More Severe Storms Targeting West Texas and Vicinity

By Brian Lada, Meteorologist
May 25, 2014; 11:58 PM
Share |
Play video Breaking weather news is discussed in the above AccuWeather.com video.

Showers and thunderstorms will continue to rattle the Plains to close out Sunday with the threat for severe weather greatest across the southern High Plains.

Anyone planning to celebrate the unofficial start to summer outside should prepare for the stormy weather.

Showers and thunderstorms are overspreading much of the nation's midsection with severe thunderstorms focusing on the southern Plains.

Western Texas, western Oklahoma and far eastern New Mexico will remain the target of yet another round of drenching and severe thunderstorms through Sunday evening.

Large hail, damaging wind gusts and flooding downpours will be the biggest threats with these storms; however, a few brief tornadoes cannot be ruled out.

Keep in mind that any thunderstorm that develops will be accompanied by lightning.

If you are outside and hear thunder, you are close enough to be stuck by lightning and should seek shelter until the storm has passed.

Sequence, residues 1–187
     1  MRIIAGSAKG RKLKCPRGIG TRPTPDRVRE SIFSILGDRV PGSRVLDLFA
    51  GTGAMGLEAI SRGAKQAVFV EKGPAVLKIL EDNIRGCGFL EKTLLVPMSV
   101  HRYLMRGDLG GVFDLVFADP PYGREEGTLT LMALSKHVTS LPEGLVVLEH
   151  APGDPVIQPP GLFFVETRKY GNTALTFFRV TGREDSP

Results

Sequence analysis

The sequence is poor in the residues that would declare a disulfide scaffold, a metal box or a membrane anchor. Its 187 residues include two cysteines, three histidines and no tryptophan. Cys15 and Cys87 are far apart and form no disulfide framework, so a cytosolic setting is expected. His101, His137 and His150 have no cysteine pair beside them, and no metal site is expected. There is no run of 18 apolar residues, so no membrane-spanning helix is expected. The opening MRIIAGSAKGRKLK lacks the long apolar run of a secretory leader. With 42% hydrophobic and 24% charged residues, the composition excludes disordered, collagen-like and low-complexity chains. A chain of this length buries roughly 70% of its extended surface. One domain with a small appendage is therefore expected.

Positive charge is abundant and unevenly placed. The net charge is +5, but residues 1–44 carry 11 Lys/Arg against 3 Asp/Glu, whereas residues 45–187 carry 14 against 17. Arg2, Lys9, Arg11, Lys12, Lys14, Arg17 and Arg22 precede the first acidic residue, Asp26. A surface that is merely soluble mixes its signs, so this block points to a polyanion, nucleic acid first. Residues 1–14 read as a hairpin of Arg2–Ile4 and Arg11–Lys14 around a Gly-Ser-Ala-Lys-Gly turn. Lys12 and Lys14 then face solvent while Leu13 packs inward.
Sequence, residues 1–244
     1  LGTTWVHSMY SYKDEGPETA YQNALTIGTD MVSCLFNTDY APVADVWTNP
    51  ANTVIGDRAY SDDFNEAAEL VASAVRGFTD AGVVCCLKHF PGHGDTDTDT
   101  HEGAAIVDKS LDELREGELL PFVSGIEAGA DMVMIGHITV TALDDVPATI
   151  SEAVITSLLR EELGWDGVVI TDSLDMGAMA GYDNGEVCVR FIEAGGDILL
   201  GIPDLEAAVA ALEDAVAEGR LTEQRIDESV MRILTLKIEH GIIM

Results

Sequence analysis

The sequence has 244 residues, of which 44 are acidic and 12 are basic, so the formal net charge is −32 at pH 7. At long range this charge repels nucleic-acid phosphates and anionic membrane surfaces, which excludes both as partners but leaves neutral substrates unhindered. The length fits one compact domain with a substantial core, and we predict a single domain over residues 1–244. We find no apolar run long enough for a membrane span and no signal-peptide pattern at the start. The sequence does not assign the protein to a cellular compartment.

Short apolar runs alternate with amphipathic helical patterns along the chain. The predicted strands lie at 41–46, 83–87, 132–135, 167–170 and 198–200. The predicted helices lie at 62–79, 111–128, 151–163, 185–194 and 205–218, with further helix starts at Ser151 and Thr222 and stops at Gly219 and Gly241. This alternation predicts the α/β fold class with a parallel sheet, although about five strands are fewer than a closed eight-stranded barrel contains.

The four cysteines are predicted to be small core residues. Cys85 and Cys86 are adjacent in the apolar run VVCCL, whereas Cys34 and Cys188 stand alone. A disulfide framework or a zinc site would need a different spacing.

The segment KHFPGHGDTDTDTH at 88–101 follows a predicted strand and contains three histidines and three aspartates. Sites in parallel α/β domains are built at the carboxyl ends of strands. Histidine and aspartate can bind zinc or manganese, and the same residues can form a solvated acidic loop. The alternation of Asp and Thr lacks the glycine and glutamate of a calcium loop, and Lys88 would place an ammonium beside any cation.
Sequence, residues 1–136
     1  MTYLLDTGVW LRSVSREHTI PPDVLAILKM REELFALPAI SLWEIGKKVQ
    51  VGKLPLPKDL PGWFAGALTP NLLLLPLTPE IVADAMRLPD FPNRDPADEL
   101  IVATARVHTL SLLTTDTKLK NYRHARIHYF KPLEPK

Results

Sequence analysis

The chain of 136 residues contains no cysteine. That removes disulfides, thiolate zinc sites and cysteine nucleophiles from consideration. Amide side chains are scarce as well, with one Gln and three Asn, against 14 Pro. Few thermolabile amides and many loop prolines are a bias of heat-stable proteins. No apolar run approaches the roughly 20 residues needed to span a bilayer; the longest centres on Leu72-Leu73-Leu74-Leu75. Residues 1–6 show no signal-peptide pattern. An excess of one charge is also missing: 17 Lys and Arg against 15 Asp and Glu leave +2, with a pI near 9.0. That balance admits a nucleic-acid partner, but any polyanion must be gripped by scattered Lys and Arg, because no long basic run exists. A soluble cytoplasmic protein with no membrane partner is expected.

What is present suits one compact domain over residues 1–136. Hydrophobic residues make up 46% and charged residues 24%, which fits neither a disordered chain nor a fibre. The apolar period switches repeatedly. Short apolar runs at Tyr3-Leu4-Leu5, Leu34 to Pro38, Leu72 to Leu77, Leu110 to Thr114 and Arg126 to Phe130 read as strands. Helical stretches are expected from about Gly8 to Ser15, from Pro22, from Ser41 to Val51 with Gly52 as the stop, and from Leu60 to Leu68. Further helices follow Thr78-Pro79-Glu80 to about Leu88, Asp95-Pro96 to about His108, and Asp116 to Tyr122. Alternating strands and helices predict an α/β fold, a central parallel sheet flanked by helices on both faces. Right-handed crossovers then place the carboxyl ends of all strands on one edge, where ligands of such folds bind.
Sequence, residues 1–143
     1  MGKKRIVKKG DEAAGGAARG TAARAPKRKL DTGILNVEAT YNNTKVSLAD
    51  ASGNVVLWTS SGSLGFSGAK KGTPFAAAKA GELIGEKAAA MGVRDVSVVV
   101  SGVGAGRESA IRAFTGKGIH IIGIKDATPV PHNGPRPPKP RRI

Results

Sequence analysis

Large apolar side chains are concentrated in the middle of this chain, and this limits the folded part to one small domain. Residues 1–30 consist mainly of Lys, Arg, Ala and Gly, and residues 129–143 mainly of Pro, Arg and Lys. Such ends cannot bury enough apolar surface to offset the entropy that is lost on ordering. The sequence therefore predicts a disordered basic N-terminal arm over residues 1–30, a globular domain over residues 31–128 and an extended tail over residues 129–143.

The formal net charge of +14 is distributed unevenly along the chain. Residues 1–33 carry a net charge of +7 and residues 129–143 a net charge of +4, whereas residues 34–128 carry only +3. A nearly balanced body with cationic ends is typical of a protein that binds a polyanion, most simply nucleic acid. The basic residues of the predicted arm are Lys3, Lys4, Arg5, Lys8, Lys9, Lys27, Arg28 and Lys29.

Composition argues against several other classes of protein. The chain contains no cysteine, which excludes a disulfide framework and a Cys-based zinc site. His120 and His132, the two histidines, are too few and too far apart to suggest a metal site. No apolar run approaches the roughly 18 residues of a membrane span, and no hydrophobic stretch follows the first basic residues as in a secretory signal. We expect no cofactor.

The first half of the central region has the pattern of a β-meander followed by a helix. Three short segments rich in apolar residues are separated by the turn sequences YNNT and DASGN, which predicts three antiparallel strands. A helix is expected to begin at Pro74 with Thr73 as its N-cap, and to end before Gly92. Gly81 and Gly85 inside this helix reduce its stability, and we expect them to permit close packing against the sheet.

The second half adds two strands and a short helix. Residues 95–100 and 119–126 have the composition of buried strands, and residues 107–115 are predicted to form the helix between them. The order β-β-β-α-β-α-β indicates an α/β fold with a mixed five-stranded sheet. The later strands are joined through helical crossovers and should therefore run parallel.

Any severe thunderstorm that develops farther to the north across the Plains will be isolated in nature.

Yet another day of stormy weather is on tap for Monday for much of the Plains, continuing the threat of severe weather into Memorial Day.

Despite some of the dangers associated with these storms, they will bring much-needed rainfall to portions of the Plains currently experiencing an extreme drought.

Several inches of rain are possible over the southern Plains through the holiday weekend where showers and thunderstorms are seen several days in a row.

RELATED:
Memorial Day Forecast: Plains to Stay Stormy, East to Warm
AccuWeather.com Severe Weather Center
Interactive Radar

As much as this will help lessen the severity of the drought in the short term, much more rain is needed over a longer period of time to have a significant impact on the extreme drought.

Comments

Comments left here should adhere to the AccuWeather.com Community Guidelines. Profanity, personal attacks, and spam will not be tolerated.

More Weather News

Loading...

Daily U.S. Extremes

past 24 hours

  Extreme Location
High N/A
Low N/A
Precip N/A

WeatherWhys®

This Day In Weather History

Denver, CO (1921)
2.20 inches of rain in 1 hour.

Chesapeake Bay Area (1933)
Hurricane - 6.39 inches of rain in Washington, D.C. Damage in Maryland close to $17 million. Tide 7 feet above normal flooded Norfolk, VA.

Washington (1970)
Dry thunderstorms ignited more than 100 fires in the Wenatchee and Okanogan National Forests.